Banish legalese with these tips

Banish legalese with these tips

By Emily Halloran

What is legalese? It is ‘the specialist and often obscure language’ used to write legal documents. Even lawyers don’t like legaleseOne study identified 4 areas that make legalese hard to read:

  • uncommon jargon
  • convoluted sentences
  • passive voice constructions
  • non-standard capitalisation.
A lawyer shows their client where to sign a contract.

How do you banish it?

Replace jargon with more common terms

Replace ‘notwithstanding’ with ‘despite’ or ‘although’. You can do this with legalese phrases too: replace ‘in the event that’ with ‘if’ or ‘when’.

Keep each sentence to just 1 idea

In this example, we have broken up a 45-word sentence into 4 sentences that the reader can understand quickly and easily.

Before: This contract, which outlines the terms and the conditions of the services to be provided by Azure Surfing and the responsibilities of both parties, will commence on 1 July 2023 and will terminate upon completion of the services or the end date, whichever comes first.

After: This contract outlines the terms for Azure Surfing’s services. It also covers your and our responsibilities.
This contract starts on 1 July 2023. It will end when Azure Surfing’s services are completed or 30 June 2024, whichever comes first.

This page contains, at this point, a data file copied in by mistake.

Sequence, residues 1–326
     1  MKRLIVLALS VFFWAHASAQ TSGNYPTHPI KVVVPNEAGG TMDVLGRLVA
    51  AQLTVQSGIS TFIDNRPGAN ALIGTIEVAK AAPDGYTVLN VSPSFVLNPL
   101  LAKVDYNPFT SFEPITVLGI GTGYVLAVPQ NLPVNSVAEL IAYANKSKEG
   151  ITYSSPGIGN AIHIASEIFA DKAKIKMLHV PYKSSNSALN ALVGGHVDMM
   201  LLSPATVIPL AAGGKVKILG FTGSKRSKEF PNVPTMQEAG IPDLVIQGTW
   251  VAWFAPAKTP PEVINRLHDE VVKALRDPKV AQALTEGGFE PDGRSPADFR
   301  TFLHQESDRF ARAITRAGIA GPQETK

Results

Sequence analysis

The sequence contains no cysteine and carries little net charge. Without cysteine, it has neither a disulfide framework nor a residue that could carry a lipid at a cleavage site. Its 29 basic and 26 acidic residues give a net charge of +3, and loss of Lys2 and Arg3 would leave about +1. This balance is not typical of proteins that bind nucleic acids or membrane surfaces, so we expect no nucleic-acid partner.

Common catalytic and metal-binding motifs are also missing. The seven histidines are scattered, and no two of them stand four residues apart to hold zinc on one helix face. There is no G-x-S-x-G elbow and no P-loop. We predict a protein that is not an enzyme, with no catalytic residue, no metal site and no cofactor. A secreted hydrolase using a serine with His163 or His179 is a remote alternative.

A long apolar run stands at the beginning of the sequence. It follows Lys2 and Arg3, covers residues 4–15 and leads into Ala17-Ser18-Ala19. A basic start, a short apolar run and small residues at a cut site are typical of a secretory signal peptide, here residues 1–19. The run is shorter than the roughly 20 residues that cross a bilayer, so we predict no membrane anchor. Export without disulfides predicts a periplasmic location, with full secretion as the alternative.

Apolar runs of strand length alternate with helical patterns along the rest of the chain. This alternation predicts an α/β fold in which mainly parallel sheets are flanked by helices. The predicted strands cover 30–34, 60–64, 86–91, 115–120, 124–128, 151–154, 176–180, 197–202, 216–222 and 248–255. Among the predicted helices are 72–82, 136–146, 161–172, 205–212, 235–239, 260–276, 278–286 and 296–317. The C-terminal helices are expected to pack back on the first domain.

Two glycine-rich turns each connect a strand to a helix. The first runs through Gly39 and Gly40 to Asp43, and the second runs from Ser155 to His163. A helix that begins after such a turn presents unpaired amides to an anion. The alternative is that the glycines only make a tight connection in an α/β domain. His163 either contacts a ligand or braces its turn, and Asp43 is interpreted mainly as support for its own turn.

Rewrite sentences using the active voice

If you write in the active voice, the reader can easily see who is doing what. 

Before: Payment for the aforementioned services provided will be made according to the payment schedule outlined in this contract.

After: We will pay for these services in line with the payment schedule in this contract.

 Avoid using all capitals for emphasis

Which version do you find easier to read?  ‘THIS AGREEMENT SUPERSEDES ALL PRIOR NEGOTIATIONS’  or  ‘This agreement supersedes all earlier negotiations.’ 

What’s the benefit?

There are many benefits to plain legal language: shorter, clearer contracts, increased efficiency, fewer errors and less litigation.

For example, the Royal Bank of Scotland simplified its standard supply contract and took it from 18,000 words to about 6,000 without compromising legal meaning. Apart from reducing the amount of material customers have to wade through by two-thirds, just think of the number of contract queries and clarifications the bank will avoid!

Professor Peter Butt reminds us that ‘Errors are hard to find in dense and convoluted prose.’ Simplifying legal language makes it easier to spot and fix errors, which saves businesses:

  • time (no need to redraft the contract or answer customer questions)
  • money (no need to pay someone to redraft the contract or answer customer questions).

In the early days of plain English in Australia, companies adopting plain legal language worried that it would lead to an increase in litigation about the meaning of certain words. But in fact, litigation about word meaning has decreased because plain legal language is less ambiguous.

Who can help me?

We provide premium plain English consulting and editing services that can radically improve your legal documents and transform your writing culture. From multinational businesses, state and federal government departments to not-for-profit organisations, we can help you banish legalese with effective, clear and concise communications.

Contact us to speak with one of our consultants.

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